Bill revisits the fatherly approach Peter is taking with the Christian community receiving his letter. In chapter 2, Peter calls us to discard the things in life that get in the way of sincerely loving those around us -- not for the sake of "living right" but to eliminate the things in our lives that burden or overwhelm us and prevent us from building bridges with the others in our lives. The worship journey for this week: "Becoming spiritual houses of the Lord and serving as priests to those around us -- not by what we believe or profess -- but through the testimony of our lives." 1 Peter 2:1-12.
Jordan continues our look at 1 Peter, reminding us of Peter's fatherly approach to the exiles to whom he is writing. Peter writes about a "living hope," and we are faced with a couple of important questions: (1) What is the living hope? and (2) How do we live it out? That is, how do we practically live that out while we may be facing present trials? The worship journey for this week: "Embracing our Father's guidance to live the living hope." 1 Peter 1:3-5, 13-25; Romans 8:38-39; 1 Corinthians 15:49-55.
Josh opens our study of 1 Peter following our journey through the Gospel of Mark. There, we saw Peter called by Jesus to ministry, and we witnessed Peter bungle his way through many times as he grew in faith. In 1 Peter, we have a book written to encourage a community facing persecution for their faith and hear the fatherly, pastoral heart that Peter has for these people. The worship journey for this week: "Chosen by God invited into living hope." 1 Peter 1:1-12; Revelation 7:9; Deuteronomy 7:6.
As we exit a season of rest, Sara invites us into Christian community as our season of fall groups begins. The worship journey this week: "Being formed by God into people who say 'Yes' to participating in the spiritual reality that is Christian community." Psalm 133:1; Ephesians 2:11-15; 1 Thessalonians 4:9-10; Romans 15:7; 1 John 1:5-7.
The worship journey for this week is "unity in diversity." Josh revisits Romans 12 and declares that RCC is going after being a family of God which looks different than a gathering of people. To live together despite our differences, we have to take hold of the imperative in Romans 12:3: "Do not think of yourself more highly than you ought." Romans 12:1-21. Leviticus 1:9. Ephesians 5:2. 2 Corinthians 2:14-16. 1 Corinthians 14:29-30.
We take some time to pray for the RCC staff and our RCC family, and worship together in the presence of the Lord. "Come to me, all who labor and are heavy laden, and I will give you rest. Take my yoke upon you, and learn from me, for I am gentle and lowly in heart, and you will find rest for your souls. For my yoke is easy, and my burden is light." Matthew 11:28-30.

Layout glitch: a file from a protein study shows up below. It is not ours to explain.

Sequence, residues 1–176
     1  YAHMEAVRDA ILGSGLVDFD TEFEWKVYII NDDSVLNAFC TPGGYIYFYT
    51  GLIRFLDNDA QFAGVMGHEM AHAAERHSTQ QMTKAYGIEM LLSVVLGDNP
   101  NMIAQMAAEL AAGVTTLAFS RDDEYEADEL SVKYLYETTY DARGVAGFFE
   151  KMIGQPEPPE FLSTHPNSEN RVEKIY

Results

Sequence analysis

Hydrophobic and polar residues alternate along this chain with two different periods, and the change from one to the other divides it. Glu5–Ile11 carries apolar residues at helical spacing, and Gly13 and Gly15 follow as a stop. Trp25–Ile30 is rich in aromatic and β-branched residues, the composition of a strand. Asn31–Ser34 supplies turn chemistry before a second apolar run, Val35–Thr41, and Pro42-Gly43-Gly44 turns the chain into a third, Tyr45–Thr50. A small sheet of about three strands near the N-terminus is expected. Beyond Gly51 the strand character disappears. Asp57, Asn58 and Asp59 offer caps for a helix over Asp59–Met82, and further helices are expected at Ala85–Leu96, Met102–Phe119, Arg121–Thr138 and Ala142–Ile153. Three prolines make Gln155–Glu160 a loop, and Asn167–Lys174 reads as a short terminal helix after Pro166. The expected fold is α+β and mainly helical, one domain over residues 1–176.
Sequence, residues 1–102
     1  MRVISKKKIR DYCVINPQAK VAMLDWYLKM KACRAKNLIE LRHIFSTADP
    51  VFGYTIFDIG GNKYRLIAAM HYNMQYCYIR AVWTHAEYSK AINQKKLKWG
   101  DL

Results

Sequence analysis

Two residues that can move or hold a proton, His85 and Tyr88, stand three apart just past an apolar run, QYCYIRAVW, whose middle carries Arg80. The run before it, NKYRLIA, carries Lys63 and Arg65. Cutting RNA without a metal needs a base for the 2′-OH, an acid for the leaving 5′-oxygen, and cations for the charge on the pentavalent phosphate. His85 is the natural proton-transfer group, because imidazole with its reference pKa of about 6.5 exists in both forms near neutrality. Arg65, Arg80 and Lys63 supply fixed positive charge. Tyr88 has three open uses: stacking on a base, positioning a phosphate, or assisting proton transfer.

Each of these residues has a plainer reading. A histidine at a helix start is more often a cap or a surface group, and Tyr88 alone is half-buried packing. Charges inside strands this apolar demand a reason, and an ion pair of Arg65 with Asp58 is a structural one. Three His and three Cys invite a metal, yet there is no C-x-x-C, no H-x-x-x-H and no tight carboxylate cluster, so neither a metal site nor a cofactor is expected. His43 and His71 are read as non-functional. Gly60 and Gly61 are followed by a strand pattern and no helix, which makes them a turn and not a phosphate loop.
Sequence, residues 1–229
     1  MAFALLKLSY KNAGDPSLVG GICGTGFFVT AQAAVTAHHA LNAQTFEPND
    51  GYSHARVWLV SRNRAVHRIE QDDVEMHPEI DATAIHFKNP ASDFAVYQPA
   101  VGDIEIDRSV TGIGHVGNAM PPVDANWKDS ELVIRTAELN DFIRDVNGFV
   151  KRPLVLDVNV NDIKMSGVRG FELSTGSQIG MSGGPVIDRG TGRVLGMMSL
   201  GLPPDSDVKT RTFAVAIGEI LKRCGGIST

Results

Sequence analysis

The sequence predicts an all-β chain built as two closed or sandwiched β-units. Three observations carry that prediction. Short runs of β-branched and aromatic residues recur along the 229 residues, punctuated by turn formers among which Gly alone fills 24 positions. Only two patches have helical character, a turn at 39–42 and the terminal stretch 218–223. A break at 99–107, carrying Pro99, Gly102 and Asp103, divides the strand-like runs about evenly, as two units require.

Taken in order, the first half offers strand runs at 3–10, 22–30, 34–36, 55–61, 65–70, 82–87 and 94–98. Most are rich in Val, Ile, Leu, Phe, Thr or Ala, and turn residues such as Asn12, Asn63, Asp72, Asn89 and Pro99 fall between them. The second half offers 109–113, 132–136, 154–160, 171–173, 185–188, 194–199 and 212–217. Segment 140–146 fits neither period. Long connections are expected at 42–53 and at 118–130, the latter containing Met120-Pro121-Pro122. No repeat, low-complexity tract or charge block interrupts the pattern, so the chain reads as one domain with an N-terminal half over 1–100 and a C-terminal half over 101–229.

Josh walks us through the last 8 verses of Mark 16 -- the way Mark originally completed his gospel. The open-ended way the gospel ends leaves us with the question: Who is Jesus to you? Have we annointed a version of Jesus who isn't there? Have we rolled stones in the way that keep us from experiencing who Jesus is? Jesus sends two women to deliver the message of His resurrection. He still sends people in our lives to us -- who help us see Jesus lived out through them. Don't step over your brother and sister in need to share the gospel with the world. The Holy Spirit calls us to lay down our lives for them. Josh wraps up his talk with a corporate prayer of repentance to women who have been hurt by culture, by the church, and by other men in their lives. Mark 16:1-8; Romans 10:9; Matthew 28:7-10.
Bill looks at the burial of Jesus and Joseph of Arimathea's bold approach of Pilate to request the body. In the process, Joseph lets go of his reputation as a member of the Sanhedrin and his old way of looking for the Kingdom of God. We all have things in our life that are dead or need to die. We need to go through the process of burying those things -- letting go of those things -- to experience the resurrected life we are called to. Alice also shares her heart about her six months serving at River City -- how she got here, what she's learned, and how she is approaching what's next for her. Mark 15:42-47; Numbers 19:11-13.
Josh and Sara discuss three practices that can help with discerning the voice of God: (1) Silence; (2) the Emmanual Prayer Process; and (3) Lectio Divina. These practices can help you hear the Father who is already speaking to you. They also share about the various ministries that need volunteers on Sunday morning as we prepare to incorporate the new space on August 5th. John 10:1-6; Psalm 46:10; 1 Kings 19:12; Luke 5:16; Romans 12:4-5; 2 Peter 1:20-21; Matthew 18:19-20; Acts 4:32-33; 2 Timothy 3:16-17.
Josh looks at the Crucifixion and asks: "Are you interruptable?" Mark doesn't focus on the agony of crucifixion. Instead, he focuses on how others respond to the crucifixion. Simon of Cyrene was interrupted on his journey to the Passover Feast in Jerusalem, and it transformed his life and the life of his family. The Roman centurion is the first person to recognize Jesus for who He truly was. Nature responds with darkness, earthquakes, and awakened cemeteries. The veil is torn in the temple proclaiming access to the presence of God for all. Be interruptable. See Jesus as clearly as the centurion. Approach the throne of grace boldly. Mark 15:21-41; 1 Corinthians 2:2; Luke 23:45; 2 Corinthians 5:21; John 10:17-18; Mark 1:1; Matthew 27:51-54; Romans 16:13; Acts 13:1; Hebrews 4:16.